For more coverage of SMART, including what you can and can't do on the train, go here

Dwight Eisenhower was in the second year of his second term as president. The U.S. Army inducted Elvis Presley. NBC broadcast the first pre-recorded color TV show. The New York Giants became the San Francisco Giants.

And the last regular passenger rail service in the North Bay ended.

The year was 1958.

Today, almost six decades later, passenger rail returns to the North Bay as SMART begins service between Santa Rosa and San Rafael.

With 10 stops along a 43-mile route and train schedules coordinated with local bus systems, SMART offers commuters a convenient alternative to slow-and-go traffic on Highway 101 and to hunting for parking at Charles M. Schulz-Sonoma County Airport.

In two years, when service is scheduled to reach Larkspur, with its San Francisco Bay ferry terminal, excursion traffic should provide dividends for Wine Country tourism businesses.

“It’s the beginning of a new era of transportation for the whole North Bay — a generational change for travel between two counties,” said Windsor Mayor Deborah Fudge, who has served on the Sonoma-Marin Area Rail Transit district’s board for a dozen years.

The push to restore local rail service started in the late 1980s, paralleling efforts to expand Highway 101. Solid majorities supported ballot measures for passenger rail in 2000 and 2006, but it took until 2008 to reach the two-thirds threshold required for special taxes.

Since then, SMART has spent $600 million to install new signals and control systems, upgrade rails and crossings, build and train its staff and purchase the sleek green-and-white coaches that go into service today. The rail agency even hauled a used drawbridge all the way from Texas so trains could cross the Petaluma River without interrupting maritime traffic.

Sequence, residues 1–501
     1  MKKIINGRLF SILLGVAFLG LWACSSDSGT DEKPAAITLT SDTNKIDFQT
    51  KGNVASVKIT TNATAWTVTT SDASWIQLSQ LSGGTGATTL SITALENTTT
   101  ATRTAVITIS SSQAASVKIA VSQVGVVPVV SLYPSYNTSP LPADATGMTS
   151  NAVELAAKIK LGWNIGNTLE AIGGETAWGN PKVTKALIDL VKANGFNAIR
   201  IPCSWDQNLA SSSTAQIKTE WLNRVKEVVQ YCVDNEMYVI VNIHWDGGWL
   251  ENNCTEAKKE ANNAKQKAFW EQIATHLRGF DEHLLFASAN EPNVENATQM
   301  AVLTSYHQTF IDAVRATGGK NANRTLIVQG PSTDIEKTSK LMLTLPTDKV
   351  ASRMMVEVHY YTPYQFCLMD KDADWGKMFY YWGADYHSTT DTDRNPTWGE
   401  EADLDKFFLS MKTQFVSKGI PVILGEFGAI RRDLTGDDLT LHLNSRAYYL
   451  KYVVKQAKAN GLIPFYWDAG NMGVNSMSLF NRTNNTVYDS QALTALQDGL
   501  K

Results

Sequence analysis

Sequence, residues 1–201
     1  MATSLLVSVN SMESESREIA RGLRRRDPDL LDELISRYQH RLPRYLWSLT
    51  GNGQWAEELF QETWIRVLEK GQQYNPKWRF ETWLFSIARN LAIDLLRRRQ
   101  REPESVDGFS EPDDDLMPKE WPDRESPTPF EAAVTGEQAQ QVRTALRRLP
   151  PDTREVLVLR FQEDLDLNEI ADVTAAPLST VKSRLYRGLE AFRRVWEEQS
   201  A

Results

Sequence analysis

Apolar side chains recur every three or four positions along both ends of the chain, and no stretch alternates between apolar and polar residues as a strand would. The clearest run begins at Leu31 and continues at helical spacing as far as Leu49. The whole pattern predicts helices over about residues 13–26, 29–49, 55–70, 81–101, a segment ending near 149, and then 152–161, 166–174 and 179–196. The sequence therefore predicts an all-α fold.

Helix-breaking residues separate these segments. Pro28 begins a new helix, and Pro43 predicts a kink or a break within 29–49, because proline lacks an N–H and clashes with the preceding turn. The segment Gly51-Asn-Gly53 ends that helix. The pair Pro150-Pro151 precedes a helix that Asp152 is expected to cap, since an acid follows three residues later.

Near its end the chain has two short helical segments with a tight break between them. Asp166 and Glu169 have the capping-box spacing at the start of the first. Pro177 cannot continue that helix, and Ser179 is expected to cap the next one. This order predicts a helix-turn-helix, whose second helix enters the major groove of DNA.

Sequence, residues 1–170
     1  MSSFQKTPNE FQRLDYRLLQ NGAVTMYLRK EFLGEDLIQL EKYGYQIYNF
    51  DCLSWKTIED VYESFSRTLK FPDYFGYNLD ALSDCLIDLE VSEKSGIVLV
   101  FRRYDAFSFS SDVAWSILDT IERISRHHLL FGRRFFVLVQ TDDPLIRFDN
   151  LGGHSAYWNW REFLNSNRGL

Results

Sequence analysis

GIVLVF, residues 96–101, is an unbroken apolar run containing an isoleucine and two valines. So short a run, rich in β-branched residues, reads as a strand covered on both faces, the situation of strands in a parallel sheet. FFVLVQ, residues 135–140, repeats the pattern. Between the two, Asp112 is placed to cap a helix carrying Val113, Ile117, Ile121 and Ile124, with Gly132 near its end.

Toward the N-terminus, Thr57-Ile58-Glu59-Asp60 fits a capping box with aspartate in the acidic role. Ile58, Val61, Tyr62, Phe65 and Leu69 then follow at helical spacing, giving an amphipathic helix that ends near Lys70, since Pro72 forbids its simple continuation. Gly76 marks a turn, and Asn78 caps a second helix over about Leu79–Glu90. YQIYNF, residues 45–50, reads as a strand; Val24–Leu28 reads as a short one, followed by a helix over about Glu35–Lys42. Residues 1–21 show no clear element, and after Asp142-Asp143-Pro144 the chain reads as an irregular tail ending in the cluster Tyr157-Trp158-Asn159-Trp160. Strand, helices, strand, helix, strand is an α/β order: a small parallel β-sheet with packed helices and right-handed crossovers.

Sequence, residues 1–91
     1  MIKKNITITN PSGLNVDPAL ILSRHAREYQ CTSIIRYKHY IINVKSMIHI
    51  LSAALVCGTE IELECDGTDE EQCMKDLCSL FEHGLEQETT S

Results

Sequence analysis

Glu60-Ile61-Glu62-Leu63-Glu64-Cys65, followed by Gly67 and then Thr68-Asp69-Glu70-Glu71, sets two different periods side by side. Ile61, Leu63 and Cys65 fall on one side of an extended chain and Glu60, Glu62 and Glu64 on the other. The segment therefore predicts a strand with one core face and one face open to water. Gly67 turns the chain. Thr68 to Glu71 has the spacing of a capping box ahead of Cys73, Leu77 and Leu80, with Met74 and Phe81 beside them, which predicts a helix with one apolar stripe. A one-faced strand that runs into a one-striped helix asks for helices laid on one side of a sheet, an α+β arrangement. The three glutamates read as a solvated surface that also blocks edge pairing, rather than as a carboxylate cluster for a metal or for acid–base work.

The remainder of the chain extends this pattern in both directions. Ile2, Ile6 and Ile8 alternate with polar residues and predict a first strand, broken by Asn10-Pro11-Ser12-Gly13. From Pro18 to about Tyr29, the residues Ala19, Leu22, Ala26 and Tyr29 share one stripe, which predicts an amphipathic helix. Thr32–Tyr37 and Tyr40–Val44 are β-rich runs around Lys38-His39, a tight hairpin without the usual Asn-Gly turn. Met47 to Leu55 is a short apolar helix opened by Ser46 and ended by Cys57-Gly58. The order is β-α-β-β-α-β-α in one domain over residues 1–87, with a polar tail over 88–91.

Along the way, SMART overcame obstacles including a management shakeup, an unsuccessful referendum and harsh economic realities that forced an indefinite delay for service to Windsor, Healdsburg and Cloverdale.

The start of service along the rest of the route was delayed for several years, yet public enthusiasm still seems strong. As SMART waited this summer for final clearance from federal railroad regulators, passengers packed trains for special preview rides.

There surely will be plenty of seats available when full fares go into effect after Labor Day. As SMART General Manager Farhad Mansourian said recently, it took 40 years for BART to reach its present level of 400,000 riders a day. On a good day, SMART probably will attract a few thousand riders.

But we have to start somewhere. In this era of climate change, decrepit roads and chronic traffic delays, solo drivers are a major source of greenhouse gas emissions.

Everyone benefits when more people leave their cars at home and use mass transit. And, with a little luck, the start of rail service will be a catalyst for transit-oriented development projects in Santa Rosa, Petaluma and elsewhere along the SMART line.

Sonoma County wasn’t the only place where rail service lost out to automobiles in the post-World War II era. But passenger rail is making a comeback across the country, including commuter lines in suburban communities such as Oceanside and the North Bay.

So, go ahead and get on board.

For more coverage of SMART, including what you can and can't do on the train, go here